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The current time is: 10/17/2017 6:26:24 PM
 (1866-1899) Other 19th Century Battles    
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Michigan Dave
Muskegon, Michigan, MI, USA
top 5
E-9 Cmd Sgt Major


Posts: 2752

The Battle of Abu Klea!
Posted on: 4/24/2017 7:24:05 PM
The British battled Mahdist Fanatics in 1885 Sudan! What say you about this notable British Battle!?

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God save the Queen!
MD
---------------
"The brave men, living and dead, who struggled here, have consecrated it, far above our poor power to add or detract."

anemone
DONCASTER S. YORKS, UK
top 5
E-9 Cmd Sgt Major


Posts: 5939
http:// 82.44.47.99
Re: The Battle of Abu Klea!
Posted on: 4/25/2017 3:44:29 AM
Good post Dave-This battle was short, lasting barely fifteen minutes from start to finish. Casualties for the British were nine officers and 65 other ranks killed and over a hundred wounded. The Mahdists lost 1,100 dead during the fifteen minutes of fighting, made all the worse by only 5,000 of the Dervish force being engaged.

Regards

Jim
---------------
Pro Patria Saepe Pro Rege Semper

Michigan Dave
Muskegon, Michigan, MI, USA
top 5
E-9 Cmd Sgt Major


Posts: 2752

Re: The Battle of Abu Klea! How effective "the Square" can be?!
Posted on: 4/25/2017 8:38:39 AM
Hi Jim,

I posted this to show how effective the British defensive military formation called the Square could be!?

BTW what other British Empire Battles did "the Square," come into play, anyone??

Regards,
MD
---------------
"The brave men, living and dead, who struggled here, have consecrated it, far above our poor power to add or detract."

anemone
DONCASTER S. YORKS, UK
top 5
E-9 Cmd Sgt Major


Posts: 5939
http:// 82.44.47.99
Re: The Battle of Abu Klea! How effective "the Square" can be?!
Posted on: 4/25/2017 9:15:07 AM
Dave-The defensive square was developed by the British Army in the 18th Century in Canada and North America,in Marlborough's battles such a Dettingen. Then into the 19th century during the Napoleonic Wars-most famous being Waterloo.Thereafter all over the world Persia, India, China, New Zealand,Brrma,North West Frontier,Afghanistan,Zululand and the Sudan; but its use was discontinued in the Boer war of 1899-1902.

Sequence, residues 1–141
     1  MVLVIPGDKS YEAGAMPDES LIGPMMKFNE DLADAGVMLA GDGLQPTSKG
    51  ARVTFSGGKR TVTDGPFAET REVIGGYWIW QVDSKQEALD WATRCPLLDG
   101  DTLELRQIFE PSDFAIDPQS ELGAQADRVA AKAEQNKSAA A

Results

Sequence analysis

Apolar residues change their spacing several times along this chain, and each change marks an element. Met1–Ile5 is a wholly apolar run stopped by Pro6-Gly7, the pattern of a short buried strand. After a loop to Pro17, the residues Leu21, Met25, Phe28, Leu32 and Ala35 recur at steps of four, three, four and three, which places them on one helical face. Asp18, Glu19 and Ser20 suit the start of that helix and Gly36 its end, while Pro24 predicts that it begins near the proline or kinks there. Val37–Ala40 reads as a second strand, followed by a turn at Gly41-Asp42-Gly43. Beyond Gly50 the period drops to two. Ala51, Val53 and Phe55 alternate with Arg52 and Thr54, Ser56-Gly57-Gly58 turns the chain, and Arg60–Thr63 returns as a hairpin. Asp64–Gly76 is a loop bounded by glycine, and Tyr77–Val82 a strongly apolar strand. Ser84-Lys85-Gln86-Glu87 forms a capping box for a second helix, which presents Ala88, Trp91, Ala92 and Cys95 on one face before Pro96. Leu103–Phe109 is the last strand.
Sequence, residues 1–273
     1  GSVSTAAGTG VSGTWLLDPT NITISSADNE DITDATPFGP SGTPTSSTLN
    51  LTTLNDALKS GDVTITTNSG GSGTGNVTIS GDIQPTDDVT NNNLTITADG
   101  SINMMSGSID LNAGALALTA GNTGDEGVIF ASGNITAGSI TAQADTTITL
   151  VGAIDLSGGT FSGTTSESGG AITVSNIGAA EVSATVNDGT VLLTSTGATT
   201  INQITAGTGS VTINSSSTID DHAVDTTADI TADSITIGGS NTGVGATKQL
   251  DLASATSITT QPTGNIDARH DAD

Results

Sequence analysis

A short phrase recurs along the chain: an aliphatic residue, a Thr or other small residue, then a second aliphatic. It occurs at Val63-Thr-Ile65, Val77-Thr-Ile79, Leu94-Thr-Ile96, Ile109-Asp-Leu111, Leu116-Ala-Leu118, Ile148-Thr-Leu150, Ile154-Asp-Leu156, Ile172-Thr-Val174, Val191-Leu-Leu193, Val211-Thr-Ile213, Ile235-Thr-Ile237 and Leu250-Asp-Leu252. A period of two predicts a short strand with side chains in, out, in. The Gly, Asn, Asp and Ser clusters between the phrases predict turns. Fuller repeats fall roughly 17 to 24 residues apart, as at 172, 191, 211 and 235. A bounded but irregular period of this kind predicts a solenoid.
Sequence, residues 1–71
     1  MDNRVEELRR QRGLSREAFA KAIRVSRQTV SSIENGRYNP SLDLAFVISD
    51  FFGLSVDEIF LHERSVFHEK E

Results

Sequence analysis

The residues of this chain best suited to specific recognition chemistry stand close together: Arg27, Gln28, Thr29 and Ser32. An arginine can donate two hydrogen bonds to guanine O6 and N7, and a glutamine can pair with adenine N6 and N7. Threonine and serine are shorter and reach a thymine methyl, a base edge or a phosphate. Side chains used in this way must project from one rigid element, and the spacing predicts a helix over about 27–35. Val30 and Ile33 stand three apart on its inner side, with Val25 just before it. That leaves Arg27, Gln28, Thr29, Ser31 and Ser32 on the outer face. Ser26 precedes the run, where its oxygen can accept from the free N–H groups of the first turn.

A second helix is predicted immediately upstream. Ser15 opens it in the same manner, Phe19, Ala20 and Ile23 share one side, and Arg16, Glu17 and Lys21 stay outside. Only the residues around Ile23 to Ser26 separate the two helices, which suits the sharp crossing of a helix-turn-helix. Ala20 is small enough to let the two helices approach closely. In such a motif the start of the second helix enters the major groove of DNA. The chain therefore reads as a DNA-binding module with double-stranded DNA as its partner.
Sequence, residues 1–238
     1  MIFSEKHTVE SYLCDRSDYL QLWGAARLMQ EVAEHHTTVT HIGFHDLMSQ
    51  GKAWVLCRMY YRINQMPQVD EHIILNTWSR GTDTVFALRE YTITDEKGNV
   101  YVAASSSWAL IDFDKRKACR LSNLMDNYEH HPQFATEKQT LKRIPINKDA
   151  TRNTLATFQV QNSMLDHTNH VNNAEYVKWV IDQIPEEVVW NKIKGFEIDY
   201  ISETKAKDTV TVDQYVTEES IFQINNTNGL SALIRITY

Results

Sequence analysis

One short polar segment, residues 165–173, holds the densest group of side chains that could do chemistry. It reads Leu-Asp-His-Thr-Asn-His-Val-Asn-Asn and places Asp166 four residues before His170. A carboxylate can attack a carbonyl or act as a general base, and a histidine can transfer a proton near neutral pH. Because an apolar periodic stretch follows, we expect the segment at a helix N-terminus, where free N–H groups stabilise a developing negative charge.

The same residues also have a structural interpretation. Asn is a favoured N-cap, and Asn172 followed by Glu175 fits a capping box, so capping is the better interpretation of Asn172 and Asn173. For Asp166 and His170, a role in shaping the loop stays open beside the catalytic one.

Regards

Jim
---------------
Pro Patria Saepe Pro Rege Semper

Michigan Dave
Muskegon, Michigan, MI, USA
top 5
E-9 Cmd Sgt Major


Posts: 2752

Re: The Battle of Abu Klea! How effective "the Square" can be?!
Posted on: 4/27/2017 1:10:59 PM
Hi Jim,

Did the Brits use the Square during the Battle Isandlwana, & would it have made any difference?

Also was the Commanding officer of the UK Troops really as inept as portrayed??

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Also did the British use multiple squares at Waterloo??

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Be British, mate!
MD
---------------
"The brave men, living and dead, who struggled here, have consecrated it, far above our poor power to add or detract."

anemone
DONCASTER S. YORKS, UK
top 5
E-9 Cmd Sgt Major


Posts: 5939
http:// 82.44.47.99
Re: The Battle of Abu Klea! How effective "the Square" can be?!
Posted on: 4/27/2017 1:38:15 PM
Dave

The British tried to form square at Isandlwana; but were overwhelmed before it could be done.However -we were ready for them at the final battle of Ulundi-where the Zulus were shot to pieces

Lord Chelmsford-a favourite of Queen Victoria-was quite useless and his concocted story of the massacre was accepted by the Queen.And he prospered.

Several Squares had to formed at Waterloo to fight off French cavalry.There were of course many infantry regiments at this battle

Regards

Jim
---------------
Pro Patria Saepe Pro Rege Semper

John Wallace
Mostly Saudi Arabia, UK
New User
E-2 Private
Posts: 3

Re: The Battle of Abu Klea! How effective "the Square" can be?!
Posted on: 10/15/2017 8:33:12 AM
The British square was pretty effective in the days of the smoothbore musket or choppers of natiove make. But it was grossly obsolete against rifled firearms, repeating firearms or well-used muzzle-loading artillery. Border Afghans would have collapsed in merriment at the opportunity offered. In fact even against well trained 18th century infantry it was risky and rarely used. If an army in line of battle or column advances on one in square, it finds ¾ of them facing the wrong way. All are as vulnerable to bullets as ever, and if you break the near side, you win.

Its most resounding success, at Waterloo, depended on two things. One was forming them up after withdrawal just beyond the crest of the ridge, masked from artillery. The other was the great mistake of Marshal Ney, temporarily in command while Napoleon was incapacitated by some imperfectly understood health problem. Ney thought he saw a retreat to be followed up - and had already had a piece of the Emperor's mind for letting the British get off the field at Quatre Bras two days earlier. Cavalry can't go on charging forever, and Napoleon could have made far better use of the 67 squadrons broken on the squares, to hold the Prussians off later. The right thing was to send cavalry scouts forward, and then advance infantry and artillery.

Abu Klea was the subject of Newbolt's poem, which we used to quote whenever someone made a non-contractual departure from Saudi Arabia

The sand of the desert is sodden red,
Red with the wreck of a square that broke;
The Gatling’s jammed and the colonel dead,